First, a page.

Turkey’s current account deficit grew by 89 percent in February from a year ago, widening the 12-month rolling deficit to $37.8 billion, or 5.3 percent of gross domestic product (GDP).
The deficit expanded to $2.61 billion in February from $1.38 billion in the same month of last year, exceeding economists’ forecasts, according to data published by the central bank on Monday.
Turkey was expected to report a current account deficit of $2.3 billion, the state-run Anadolu news agency said last week, citing an average estimate of 13 economists. Predictions ranged from $1.7 billion to $2.7 billion.
The current account gap grew to 5.1 percent of GDP last year after the government engineered a borrowing boom backed by the central bank that encouraged more imports.
Turkey must finance any shortfall in the deficit through revenue such as tourism income, foreign direct investment or portfolio inflows. The lira slumped against the dollar in 2020 partly because the country could not secure enough of such financing.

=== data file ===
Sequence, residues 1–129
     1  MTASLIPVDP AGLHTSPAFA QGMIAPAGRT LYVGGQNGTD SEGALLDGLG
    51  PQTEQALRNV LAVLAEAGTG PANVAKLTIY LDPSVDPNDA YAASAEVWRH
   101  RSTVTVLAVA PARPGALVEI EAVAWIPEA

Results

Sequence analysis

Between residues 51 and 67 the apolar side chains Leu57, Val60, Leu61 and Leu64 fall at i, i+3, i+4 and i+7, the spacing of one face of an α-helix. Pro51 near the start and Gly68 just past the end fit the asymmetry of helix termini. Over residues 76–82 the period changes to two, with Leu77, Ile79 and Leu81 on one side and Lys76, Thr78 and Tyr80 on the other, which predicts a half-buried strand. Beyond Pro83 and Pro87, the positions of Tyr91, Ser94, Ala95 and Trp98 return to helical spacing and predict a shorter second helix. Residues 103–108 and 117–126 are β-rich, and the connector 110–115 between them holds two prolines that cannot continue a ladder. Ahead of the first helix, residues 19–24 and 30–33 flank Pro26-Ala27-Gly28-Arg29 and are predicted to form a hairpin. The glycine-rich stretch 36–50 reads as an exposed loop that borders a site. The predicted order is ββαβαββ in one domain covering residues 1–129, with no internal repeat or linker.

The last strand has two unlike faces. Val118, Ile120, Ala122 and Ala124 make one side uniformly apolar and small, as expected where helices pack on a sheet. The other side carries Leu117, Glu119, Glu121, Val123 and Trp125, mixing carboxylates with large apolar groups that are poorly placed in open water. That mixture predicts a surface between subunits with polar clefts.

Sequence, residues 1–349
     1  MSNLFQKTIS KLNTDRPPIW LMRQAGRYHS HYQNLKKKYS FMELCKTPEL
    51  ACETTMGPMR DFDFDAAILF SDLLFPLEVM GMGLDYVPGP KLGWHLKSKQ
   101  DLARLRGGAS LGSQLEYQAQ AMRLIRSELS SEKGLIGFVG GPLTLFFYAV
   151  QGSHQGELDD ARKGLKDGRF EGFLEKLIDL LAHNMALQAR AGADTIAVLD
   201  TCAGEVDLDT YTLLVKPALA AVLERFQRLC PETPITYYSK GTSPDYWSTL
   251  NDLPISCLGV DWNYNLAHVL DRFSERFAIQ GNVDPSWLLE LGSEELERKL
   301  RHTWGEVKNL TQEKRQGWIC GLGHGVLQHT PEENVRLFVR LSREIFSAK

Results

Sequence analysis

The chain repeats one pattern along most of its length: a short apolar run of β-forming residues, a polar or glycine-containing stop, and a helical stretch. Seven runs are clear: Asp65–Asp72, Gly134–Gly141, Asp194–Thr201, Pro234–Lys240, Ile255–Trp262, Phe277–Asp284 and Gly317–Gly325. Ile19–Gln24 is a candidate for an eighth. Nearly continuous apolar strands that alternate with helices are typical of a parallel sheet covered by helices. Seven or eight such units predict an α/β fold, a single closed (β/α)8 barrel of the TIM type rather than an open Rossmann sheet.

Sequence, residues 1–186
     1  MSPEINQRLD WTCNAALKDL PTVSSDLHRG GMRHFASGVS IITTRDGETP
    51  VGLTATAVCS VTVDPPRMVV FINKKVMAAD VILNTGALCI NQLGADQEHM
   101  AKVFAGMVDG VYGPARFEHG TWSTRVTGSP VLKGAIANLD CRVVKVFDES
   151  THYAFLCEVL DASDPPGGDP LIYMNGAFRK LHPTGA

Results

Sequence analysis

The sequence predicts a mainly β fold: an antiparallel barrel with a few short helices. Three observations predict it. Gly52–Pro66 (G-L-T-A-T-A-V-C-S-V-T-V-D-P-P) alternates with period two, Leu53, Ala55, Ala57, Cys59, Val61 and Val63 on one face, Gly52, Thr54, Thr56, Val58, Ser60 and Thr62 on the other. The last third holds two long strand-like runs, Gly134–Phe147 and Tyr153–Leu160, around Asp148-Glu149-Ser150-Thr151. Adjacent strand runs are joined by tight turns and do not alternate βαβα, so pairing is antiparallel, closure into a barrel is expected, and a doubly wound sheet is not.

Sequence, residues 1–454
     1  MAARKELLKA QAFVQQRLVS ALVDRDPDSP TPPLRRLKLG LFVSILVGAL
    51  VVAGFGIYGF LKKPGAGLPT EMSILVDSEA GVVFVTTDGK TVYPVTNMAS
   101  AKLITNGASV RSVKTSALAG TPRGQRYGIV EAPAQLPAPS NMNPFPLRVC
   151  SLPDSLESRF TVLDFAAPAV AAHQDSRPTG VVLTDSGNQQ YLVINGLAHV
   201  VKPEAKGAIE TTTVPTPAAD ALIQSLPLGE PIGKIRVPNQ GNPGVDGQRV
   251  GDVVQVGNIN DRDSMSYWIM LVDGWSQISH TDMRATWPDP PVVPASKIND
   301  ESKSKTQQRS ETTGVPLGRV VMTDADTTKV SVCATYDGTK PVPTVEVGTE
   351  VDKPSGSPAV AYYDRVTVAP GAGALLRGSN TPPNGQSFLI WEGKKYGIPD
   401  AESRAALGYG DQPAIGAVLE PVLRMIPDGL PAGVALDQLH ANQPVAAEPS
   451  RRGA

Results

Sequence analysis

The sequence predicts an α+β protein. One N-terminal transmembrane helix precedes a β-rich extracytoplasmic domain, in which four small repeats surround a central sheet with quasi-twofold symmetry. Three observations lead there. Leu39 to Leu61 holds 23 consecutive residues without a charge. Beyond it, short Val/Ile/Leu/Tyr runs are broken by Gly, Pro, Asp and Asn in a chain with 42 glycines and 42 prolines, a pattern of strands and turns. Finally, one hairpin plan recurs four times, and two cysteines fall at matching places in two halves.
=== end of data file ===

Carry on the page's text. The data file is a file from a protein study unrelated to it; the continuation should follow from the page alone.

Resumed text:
Financial data shows that lending by banks is continuing to expand in 2021, raising concerns among foreign investors that the deficit may remain under pressure as Turkey suffers from a lack of capital inflows and tourism revenue. COVID-19 cases in the country are at record levels, deterring European countries from allowing their citiziens to resume travel there.
The lira was trading down 0.6 percent at 8.2 per dollar in late morning local time in Istanbul, weaker than earlier in the day.
Turkey’s central bank had reported a current account deficit of $1.87 billion for January. The shortfall narrowed by 7.7 percent from the same month of 2020, it said.